The project objectives, activities and deliverables include: 1) Resurveying historic USACE silt ranges, 2) Determine sedimentation rates since 1993 Faulkner resurvey of silt ranges, 3) Assess changes in distribution flow paths, 4) Determine the physical, chemical and environmental conditions of sediments within Rieck's lake, and 5) Produce at least one map illustrating the elevations of sediment along established silt ranges. The map will include locations of sediment sampling.

The Department will be provided with a paper and electronic copy of the final report.


Grant Details
Small Scale Lake Planning
Date
4/1/2001
Waters Involved
Unnamed
Status
Complete

City Of Alma: Rieck'S Lake Managment Planning: Rieck's Lake and Beef Slough area is a valuable and highly utilized habitat for migratory and local waterfowl and other wildlife. It is a highly used area for family recreation and for naturalists and bird watchers. Specific issues to be addressed include: 1. Address the aging of Rieck's Lake. 2. Utilizing the resources of the lake for environmental education purposed. 3. Changing use of lake by, man, and natural wildlife. 4. Understanding the watershed management of Rieck's Lake, Beef Slough and the Buffalo River. 5. Creation of water quality data base. 6. Involving Tundra Swan Watch Volunteers, parents and community members in determining the number and types of wildlife utilizing the area.


Grant Details
Small Scale Lake Planning
Date
4/1/2002
Waters Involved
Unnamed
Status
Complete

Alma School District: Rieck'S Lake Education Management Planning: The Alma School District proposes to work with the local schools to continue to study the resources at Rieck's Lake for educational purposes. The project activities include: 1) Continue to develop an environmental curriculum for the sixth grade students at Alma schools, 2) Monitor the vegetation and wildlife at Rieck's Lake, 3) Monitor health of wetlands through a frog count, 4) Work with Tundra Swan Watch volunteers, 5) Work with the U.S. Fish and Wildlife to do a sampling of the vegetation, 6) Determine impact agriculture and other communities have on the sedimentation of Rieck's Lake, and 7) Inform the community and civic organizations on the finding at Rieck's Lake.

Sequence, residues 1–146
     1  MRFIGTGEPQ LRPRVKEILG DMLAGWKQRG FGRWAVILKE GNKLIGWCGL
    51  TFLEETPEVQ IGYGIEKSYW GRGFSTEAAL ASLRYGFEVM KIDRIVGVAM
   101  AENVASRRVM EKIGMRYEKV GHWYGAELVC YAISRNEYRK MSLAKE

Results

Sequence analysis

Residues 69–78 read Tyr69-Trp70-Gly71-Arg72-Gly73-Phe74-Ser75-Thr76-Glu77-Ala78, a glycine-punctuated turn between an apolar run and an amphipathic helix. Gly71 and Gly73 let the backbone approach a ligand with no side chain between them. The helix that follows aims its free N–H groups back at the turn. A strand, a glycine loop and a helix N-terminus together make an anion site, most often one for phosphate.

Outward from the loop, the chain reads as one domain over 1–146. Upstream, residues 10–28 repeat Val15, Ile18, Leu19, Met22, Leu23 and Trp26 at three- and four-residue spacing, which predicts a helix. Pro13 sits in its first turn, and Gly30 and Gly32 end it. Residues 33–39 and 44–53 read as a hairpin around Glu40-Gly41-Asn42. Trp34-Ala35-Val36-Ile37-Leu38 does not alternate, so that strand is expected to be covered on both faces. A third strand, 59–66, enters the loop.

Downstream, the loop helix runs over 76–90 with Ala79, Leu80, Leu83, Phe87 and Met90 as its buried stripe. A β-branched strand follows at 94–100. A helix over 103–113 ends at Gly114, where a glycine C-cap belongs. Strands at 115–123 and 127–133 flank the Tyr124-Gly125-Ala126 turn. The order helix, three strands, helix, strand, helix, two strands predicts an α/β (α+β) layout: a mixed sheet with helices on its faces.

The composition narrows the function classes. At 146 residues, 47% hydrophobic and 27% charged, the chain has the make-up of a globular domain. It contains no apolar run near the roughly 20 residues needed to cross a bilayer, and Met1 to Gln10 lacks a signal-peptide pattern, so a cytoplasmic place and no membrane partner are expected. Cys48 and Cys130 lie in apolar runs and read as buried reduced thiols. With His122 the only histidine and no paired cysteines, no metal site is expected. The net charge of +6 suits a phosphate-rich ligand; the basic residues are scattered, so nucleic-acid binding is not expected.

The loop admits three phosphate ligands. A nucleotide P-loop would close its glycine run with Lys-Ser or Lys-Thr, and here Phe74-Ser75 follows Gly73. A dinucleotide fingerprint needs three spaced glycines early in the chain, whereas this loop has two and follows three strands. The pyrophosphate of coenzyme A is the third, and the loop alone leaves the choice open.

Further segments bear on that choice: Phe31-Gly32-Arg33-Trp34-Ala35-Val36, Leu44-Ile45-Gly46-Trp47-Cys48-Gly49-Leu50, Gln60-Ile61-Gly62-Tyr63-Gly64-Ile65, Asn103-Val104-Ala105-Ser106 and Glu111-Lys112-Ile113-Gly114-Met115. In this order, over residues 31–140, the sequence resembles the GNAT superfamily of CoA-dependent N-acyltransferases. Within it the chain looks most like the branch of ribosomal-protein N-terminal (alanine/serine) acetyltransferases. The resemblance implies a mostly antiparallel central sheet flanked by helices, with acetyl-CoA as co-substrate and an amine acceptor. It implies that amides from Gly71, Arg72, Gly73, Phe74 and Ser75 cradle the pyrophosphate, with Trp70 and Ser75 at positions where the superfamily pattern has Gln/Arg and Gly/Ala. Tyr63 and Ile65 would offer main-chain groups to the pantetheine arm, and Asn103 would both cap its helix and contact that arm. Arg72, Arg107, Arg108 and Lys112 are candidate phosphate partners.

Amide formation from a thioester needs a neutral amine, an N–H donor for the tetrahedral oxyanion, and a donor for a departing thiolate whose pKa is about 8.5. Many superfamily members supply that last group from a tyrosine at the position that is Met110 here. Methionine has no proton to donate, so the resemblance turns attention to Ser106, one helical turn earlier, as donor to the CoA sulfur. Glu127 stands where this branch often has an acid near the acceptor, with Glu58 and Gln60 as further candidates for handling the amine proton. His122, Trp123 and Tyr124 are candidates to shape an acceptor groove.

The Department will be provided with both a paper copy and electronic copy of the final report. Project resulrs will be disseminated to the public through local newspapers, newsletters, school activities, powerpoint presentations and a web page.


Grant Details
Small Scale Lake Planning
Date
4/1/2003
Waters Involved
Unnamed
Status
Complete

Alma School District: Rieck'S Lake Education Mgmt Planning: The Alma School District will continue its array of educational activities on Rieck's Lake. The project deliverables are clearly stated in Item E of the project applications. These items include a variety of monitoring activities, educational opportunities and presentation of information to the community and other school groups.

The DNR will be provided with both a paper copy and electronic copy of the final report. The project results will be disseminated to the public by newsletter(s), public meeting(s), and local newspaper articles.


Grant Details
Targeted Runoff - Rural Construction
Date
1/1/2002
Waters Involved
Buffalo River
Status
Complete

Buffalo County: Rieck'S Lake Tributary Stabilization: to provide 70% cost-sharing for installation of best management practices in the Rieck's Lake Tributary Stabilization and protection Project


Grant Details
Targeted Runoff - Rural Construction
Date
1/1/2003
Waters Involved
Buffalo River
Status
Complete

Buffalo County: Rieck'S Lake Tributary - Phase Ii: to c-s landowner installation of BMPs @70%


Grant Details
Targeted Runoff - Rural Construction
Date
1/1/2003
Waters Involved
Buffalo River
Status
Complete

Buffalo County: Upper Reaches Of Lower Buffalo: to c-s @70% landowner BMPs w/in the Lower Buffalo River


Grant Details
Targeted Runoff - Rural Construction
Date
1/1/2004
Waters Involved
Buffalo River
Status
Complete

Buffalo County: Lbr Conservation Project: to c-s LO installs at 70%


Grant Details
Targeted Runoff - Rural Construction
Date
1/1/2004
Waters Involved
Peeso Creek
Status
Complete